GeoEngineers Inc., which has operated a Spokane office for 20 years, is seeing a rise in work and revenues and is looking to add to its staff, its principals here say.
The Seattle-based firm has a staff here of 25 people, up one from last year. The staff includes six engineers, four geologists, two hydrogeologists, and a biologist.
The mix of markets the firm targets and the services it provides enable GeoEngineers to reach a broad client base and reduce its reliance on any one market, says Bruce Williams, managing principal at the Spokane office.
"We're having our best year since 2007, in part because of our diversity," Williams says.
James Harakas, a senior principal at the Spokane office, says he's been in the engineering business long enough to have seen several economic downturns. While the most recent recession, with its lingering effects, is by no means typical, he says an upswing in engineering business generally precedes growth in the economy by up to 24 months.
Meantime, Harakas and Williams say they expect GeoEngineers' business to continue to grow.
"We're hiring," Williams says. "We have an ad out for this office, and we have 15 openings firmwide."
The multidiscipline engineering firm serves the energy, government, site development, transportation, and natural-resource markets out of the Spokane office, Harakas says.
Among its many engineering services, GeoEngineers specializes in evaluating how site, soil, and groundwater conditions should be taken into account in development plans. GeoEngineers also conducts special inspections at development sites, tests for soil and groundwater contamination, and recommends cleanup methods when contaminants are found.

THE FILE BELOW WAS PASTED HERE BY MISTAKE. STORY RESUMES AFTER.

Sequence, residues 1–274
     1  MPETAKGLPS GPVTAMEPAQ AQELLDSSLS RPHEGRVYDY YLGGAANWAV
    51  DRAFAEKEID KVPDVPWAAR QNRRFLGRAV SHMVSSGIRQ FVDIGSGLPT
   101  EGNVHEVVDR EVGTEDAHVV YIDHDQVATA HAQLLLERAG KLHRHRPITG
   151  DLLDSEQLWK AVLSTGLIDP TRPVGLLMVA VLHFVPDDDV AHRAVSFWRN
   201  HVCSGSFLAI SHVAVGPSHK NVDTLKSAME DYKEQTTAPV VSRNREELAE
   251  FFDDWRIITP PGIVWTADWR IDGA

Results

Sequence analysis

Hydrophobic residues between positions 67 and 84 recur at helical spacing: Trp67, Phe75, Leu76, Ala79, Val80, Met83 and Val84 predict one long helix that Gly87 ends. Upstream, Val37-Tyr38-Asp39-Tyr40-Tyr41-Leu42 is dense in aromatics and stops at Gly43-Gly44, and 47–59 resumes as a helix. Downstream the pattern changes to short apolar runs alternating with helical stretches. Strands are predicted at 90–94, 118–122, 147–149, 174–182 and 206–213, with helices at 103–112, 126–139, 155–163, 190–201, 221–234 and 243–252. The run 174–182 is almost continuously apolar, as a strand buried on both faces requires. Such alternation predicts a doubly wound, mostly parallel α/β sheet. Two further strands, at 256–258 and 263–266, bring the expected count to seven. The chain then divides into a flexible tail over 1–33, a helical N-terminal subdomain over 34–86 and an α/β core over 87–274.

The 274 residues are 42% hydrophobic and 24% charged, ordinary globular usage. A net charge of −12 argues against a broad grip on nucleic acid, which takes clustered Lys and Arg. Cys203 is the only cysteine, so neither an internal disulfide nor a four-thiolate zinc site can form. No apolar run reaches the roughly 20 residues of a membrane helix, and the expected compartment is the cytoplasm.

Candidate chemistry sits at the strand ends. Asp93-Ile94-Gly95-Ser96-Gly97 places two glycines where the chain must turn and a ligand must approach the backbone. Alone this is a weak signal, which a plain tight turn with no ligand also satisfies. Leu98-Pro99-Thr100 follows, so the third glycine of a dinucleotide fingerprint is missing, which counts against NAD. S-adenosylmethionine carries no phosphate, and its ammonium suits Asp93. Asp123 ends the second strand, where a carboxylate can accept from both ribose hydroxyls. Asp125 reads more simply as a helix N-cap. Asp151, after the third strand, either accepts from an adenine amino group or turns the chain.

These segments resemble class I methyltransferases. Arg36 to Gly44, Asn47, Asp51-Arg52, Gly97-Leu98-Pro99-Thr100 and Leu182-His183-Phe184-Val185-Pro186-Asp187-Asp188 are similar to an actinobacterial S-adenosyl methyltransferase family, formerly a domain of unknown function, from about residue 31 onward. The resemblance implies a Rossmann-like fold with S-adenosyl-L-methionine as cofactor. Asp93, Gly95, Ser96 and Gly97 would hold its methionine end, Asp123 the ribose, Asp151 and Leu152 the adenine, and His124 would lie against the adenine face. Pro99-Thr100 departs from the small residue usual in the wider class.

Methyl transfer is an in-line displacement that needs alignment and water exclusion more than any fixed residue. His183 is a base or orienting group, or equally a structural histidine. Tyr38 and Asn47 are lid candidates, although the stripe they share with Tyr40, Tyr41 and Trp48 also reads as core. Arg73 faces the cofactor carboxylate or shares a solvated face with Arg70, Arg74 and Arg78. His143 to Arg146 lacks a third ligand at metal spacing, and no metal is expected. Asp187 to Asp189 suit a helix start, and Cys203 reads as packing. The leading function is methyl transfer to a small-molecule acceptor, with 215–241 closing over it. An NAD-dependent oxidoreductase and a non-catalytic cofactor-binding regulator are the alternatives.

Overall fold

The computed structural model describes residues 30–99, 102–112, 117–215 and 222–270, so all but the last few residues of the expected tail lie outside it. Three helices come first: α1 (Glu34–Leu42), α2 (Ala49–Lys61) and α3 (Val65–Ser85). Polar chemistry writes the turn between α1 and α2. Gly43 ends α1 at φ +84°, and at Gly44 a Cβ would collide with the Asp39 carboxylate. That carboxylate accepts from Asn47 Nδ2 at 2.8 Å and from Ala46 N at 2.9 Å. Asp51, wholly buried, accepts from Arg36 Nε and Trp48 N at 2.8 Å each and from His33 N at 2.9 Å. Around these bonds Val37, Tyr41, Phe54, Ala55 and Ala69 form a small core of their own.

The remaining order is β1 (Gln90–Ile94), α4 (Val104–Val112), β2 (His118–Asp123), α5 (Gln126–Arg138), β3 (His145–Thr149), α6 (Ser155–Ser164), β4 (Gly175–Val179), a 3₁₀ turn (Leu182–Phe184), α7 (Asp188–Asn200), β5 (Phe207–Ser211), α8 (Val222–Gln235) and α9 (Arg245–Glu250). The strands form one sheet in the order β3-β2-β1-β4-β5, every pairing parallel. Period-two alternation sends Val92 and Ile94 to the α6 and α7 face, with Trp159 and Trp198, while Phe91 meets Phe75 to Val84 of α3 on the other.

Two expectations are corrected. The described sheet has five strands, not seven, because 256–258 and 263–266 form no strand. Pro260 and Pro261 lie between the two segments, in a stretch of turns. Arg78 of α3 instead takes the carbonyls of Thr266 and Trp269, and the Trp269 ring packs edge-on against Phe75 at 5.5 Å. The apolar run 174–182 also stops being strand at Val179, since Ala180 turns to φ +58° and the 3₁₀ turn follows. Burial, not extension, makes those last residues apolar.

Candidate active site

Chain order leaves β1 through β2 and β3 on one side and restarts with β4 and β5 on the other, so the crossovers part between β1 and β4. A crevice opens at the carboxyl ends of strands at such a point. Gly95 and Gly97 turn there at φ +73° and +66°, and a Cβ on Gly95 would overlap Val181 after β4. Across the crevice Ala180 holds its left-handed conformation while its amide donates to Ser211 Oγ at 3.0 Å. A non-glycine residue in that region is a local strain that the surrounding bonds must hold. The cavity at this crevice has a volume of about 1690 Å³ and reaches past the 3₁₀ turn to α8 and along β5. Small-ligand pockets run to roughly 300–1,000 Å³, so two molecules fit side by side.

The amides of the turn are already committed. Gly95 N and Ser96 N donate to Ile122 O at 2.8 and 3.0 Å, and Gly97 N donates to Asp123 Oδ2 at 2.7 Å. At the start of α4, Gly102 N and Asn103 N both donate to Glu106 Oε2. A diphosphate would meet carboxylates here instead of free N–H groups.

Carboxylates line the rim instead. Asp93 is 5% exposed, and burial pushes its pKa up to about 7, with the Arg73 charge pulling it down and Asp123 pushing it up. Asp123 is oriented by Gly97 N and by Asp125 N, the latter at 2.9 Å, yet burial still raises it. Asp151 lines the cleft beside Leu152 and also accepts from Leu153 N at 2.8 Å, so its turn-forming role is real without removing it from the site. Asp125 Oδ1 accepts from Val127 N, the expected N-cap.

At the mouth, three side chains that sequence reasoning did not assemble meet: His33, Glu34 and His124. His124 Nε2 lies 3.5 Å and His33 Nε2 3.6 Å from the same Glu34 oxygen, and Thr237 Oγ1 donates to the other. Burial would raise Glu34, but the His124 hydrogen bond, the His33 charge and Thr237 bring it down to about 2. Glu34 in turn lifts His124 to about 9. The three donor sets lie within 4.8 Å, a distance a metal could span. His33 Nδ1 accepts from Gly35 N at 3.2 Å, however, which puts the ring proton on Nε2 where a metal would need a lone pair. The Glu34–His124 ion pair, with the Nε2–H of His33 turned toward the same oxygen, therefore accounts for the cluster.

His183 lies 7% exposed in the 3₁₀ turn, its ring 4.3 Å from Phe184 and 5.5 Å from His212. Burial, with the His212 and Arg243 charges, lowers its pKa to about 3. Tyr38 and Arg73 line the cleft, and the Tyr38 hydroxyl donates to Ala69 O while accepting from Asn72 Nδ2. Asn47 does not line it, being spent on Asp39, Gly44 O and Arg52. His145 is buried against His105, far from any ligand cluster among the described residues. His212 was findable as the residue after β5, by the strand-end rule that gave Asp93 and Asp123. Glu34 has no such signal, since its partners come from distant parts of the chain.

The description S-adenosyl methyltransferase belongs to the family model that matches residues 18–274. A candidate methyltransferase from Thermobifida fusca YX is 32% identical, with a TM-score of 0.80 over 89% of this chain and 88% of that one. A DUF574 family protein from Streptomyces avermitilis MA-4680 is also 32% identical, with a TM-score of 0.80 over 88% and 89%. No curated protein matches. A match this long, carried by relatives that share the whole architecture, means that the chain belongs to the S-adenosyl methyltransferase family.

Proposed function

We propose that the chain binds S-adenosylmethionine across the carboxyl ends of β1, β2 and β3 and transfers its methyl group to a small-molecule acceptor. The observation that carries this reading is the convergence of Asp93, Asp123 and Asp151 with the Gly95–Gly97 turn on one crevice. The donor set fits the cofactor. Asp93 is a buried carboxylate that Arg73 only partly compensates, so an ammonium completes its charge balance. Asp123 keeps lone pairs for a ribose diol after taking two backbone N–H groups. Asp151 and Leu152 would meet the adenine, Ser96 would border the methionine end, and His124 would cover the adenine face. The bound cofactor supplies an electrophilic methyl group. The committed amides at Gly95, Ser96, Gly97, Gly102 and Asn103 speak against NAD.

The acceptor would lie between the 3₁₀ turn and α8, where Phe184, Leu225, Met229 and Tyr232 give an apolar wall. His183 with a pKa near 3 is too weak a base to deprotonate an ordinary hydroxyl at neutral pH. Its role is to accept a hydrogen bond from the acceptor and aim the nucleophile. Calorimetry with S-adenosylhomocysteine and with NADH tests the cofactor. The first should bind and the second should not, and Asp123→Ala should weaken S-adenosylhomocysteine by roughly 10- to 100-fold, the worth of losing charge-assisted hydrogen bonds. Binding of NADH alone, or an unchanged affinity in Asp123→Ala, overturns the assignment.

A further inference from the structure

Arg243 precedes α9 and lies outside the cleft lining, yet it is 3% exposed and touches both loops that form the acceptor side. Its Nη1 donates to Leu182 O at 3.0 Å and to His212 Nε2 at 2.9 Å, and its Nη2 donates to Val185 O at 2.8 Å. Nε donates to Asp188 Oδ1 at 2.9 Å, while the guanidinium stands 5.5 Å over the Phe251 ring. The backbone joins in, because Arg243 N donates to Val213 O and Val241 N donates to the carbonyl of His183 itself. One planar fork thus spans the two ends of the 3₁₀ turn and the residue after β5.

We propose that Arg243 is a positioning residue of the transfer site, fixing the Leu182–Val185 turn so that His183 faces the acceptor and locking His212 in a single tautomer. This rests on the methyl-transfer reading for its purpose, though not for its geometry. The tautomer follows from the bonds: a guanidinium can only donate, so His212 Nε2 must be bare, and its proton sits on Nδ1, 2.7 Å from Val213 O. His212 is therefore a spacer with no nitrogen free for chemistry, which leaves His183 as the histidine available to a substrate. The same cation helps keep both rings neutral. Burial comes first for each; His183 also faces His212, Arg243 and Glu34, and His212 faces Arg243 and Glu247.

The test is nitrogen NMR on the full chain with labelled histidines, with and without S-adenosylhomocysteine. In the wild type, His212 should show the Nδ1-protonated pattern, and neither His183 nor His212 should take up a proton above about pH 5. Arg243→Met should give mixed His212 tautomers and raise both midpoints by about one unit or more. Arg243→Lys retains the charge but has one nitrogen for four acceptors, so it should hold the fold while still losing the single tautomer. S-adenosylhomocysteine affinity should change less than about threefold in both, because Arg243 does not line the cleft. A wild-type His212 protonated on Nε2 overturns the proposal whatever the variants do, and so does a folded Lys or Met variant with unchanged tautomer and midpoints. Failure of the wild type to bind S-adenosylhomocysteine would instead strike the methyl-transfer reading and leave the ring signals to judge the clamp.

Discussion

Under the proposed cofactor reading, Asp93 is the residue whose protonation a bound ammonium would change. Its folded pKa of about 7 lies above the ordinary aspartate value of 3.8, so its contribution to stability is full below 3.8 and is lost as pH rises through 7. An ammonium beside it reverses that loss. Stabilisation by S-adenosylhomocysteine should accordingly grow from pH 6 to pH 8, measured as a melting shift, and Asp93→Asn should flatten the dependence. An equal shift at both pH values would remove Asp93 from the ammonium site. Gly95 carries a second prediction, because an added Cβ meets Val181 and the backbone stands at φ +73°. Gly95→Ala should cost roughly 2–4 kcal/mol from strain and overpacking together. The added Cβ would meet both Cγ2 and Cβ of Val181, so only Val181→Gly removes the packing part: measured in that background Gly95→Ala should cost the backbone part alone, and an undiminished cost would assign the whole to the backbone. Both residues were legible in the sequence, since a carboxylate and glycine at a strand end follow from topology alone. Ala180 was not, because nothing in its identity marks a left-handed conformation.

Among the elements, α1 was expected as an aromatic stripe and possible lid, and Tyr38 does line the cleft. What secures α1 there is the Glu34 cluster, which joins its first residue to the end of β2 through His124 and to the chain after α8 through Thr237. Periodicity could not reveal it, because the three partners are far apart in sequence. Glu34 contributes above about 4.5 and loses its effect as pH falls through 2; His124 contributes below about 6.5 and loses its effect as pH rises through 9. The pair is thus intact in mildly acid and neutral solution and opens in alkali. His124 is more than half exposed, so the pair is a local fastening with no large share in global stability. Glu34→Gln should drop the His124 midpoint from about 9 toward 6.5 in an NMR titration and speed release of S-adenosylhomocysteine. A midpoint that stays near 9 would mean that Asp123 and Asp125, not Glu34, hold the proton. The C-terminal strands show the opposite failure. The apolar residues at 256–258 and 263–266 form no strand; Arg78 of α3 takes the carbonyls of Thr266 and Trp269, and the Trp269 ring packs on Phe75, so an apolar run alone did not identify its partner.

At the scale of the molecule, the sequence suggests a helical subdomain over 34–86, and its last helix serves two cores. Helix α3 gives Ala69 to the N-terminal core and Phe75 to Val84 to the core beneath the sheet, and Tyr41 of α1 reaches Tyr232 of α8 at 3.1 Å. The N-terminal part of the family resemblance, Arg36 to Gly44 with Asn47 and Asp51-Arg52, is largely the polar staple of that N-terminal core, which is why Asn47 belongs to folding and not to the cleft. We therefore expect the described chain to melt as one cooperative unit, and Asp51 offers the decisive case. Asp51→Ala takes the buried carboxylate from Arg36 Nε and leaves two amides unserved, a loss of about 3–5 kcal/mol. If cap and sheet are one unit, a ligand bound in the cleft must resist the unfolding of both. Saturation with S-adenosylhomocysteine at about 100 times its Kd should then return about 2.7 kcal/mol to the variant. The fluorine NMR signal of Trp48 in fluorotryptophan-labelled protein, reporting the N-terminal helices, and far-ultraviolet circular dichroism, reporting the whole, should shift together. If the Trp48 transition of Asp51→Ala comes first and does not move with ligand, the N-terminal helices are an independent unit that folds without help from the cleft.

The Spokane office is working on nearly 200 active projects, which also are geographically diverse, with about half in Spokane County and the remainder mostly within 200 miles of Spokane.
"The number is higher than average, and trending upward," Williams says.
Most years, the project backlog slows down in the fall, he says.
"Even when it holds steady this time of year, that's a positive sign," Williams says. "The fact that it's increasing bodes well for 2012."
Harakas says it's difficult to quantify which of GeoEngineers' services are most in demand.
Geotechnical engineering services, which include working with civil engineers to design plans based on site conditions, bring in up to 30 percent of the Spokane office's revenues. Environmental engineering projects, such as stream restorations, while smaller in number, bring in up to 40 percent of the revenue, he says.
Current projects it has provided services for include the Spokane County Water Reclamation Facility, at 1004 N. Freya, in East Spokane; a Cheney middle school project at 6120 Abbott Road, in Cheney; Waste Management Inc.'s planned materials recovery facility west of Spokane; and Trader Joe's, on the South Hill.
The majority of GeoEngineers' jobs, though, are of short duration lasting one to three months, Harakas says.
"If we can see two months of backlog, we're doing well," he says. "Two months ago, we were hoping to have a good end to the year. Now, we're confident we will."